Born in Birmingham, AL, Lois Hawkins’ father died when she was 1 year old. She was the youngest of five sisters who were raised by their mother. She was a real life “Rosie The Riveter”. In 1942, she faked her age, and at only 15 traveled alone from Alabama to the Bremerton Ship Yards in Washington State, to help build Victory Ships for WWII. She later returned to Birmingham to work in an aircraft plant building WWII aircraft. [Read full obituary in The Birmingham News]
Antonia Castro Gracia was a pioneer in the women’s movement (1942-1944) as one of the original “Kelly Katies” during World War II. This was San Antonio’s brand of “Rosie Riveter”. The Kelly Katies were a group of largely Mexican American women who were hired to work at Kelly Air Field to replace men who were shipping out during World War II. Women worked as mechanics, painting airplane wings, disassembled, cleaned and reassembled propellers. She was one of these special women. They filled non-traditional jobs to keep the base running while the men were away. She readily volunteered to serve her country as a young 16 year old girl as a Kelly Katie and went on to serve in the Pacific at Hickam Air Field doing the same type of work. [Read full obituary in the Express-News]
Lois Wirgler grew up during the Roaring Twenties, the Great Depression and WWII. Perhaps it was these hard years that made her so strong in character. She had a heart of gold. She was a care giver to family and friends including all kinds of cats. In her younger years she loved to dance, bowl, play tennis and garden. Loie didn’t like to revisit the war years as she lost too many classmates to that war. She served (3 years) in the Merchant Marines driving officers from Coyote Point to Alameda in army jeeps. She was one of the ‘Rosie the Riveter’ girls welding bolts on submarine doors. Loie was the American described by Tom Brokaw in ‘The Greatest Generation.’ She was known as the Werther’s candy lady. Her family will always remember her candy bar drawer and the dinners she put out at the old home on the hill. [Read full obituary in the San Jose Mercury News/San Mateo County Times]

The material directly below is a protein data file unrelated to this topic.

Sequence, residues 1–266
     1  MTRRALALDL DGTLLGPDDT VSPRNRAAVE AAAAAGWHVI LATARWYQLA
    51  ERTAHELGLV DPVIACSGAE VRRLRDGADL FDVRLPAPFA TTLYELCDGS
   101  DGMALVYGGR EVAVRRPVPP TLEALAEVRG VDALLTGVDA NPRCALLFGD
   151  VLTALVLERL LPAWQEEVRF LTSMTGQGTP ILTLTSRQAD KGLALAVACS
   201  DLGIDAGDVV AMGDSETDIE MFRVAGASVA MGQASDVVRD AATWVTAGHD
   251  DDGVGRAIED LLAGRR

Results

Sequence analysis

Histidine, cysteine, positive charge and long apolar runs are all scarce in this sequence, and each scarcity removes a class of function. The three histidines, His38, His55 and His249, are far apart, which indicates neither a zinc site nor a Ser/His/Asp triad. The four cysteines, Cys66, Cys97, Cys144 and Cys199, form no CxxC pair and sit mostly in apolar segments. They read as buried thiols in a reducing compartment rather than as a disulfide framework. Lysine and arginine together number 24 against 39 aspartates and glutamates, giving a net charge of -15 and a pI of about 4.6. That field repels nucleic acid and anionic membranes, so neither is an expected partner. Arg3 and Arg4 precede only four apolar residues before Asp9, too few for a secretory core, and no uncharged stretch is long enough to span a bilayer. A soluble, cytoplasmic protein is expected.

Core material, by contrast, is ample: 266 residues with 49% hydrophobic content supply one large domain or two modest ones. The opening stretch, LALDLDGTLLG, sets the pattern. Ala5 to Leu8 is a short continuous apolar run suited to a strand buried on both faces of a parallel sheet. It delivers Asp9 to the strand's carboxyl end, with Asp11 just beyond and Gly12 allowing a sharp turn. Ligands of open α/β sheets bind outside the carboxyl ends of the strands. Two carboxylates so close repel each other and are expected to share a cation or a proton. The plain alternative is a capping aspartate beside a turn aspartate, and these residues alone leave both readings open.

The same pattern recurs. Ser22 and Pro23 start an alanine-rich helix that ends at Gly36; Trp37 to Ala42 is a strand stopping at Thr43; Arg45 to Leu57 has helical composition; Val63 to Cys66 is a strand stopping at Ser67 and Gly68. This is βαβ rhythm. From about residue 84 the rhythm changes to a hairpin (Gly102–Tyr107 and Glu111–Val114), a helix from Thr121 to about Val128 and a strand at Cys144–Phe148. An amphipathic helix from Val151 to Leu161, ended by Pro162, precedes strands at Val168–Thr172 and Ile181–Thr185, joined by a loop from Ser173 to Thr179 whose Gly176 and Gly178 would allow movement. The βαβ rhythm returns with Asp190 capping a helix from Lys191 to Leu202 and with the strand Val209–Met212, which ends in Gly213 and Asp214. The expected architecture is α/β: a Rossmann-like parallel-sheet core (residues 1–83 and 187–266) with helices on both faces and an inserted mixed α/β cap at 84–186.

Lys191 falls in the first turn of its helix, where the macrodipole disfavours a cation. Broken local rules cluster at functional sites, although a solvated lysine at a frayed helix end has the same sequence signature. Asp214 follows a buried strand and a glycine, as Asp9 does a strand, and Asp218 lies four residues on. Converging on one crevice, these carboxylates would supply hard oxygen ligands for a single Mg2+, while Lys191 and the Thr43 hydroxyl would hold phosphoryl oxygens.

During WWII, Margaret Berry was a real life Rosie the Riveter. She came to Boeing in 1942 from Eastern Washington to work on B-17s where she was a riveter working on the tail section. In her later years, she was active in restoring B-17s at the Museum of Flight. Keeping the legend of Rosie the Riveter alive became a second career for her after she retired from the VA. In her later years, she spoke all over Washington State about her experience and was featured in newspaper articles and in a segment on KCTS TV on local war hero’s experiences. [Read full obituary in the Seattle Times]
Interested in reading more “Rosie” stories? Try searching “Rosie the Riveter” from any of Legacy.com’s newspaper affiliates’ obituary pages.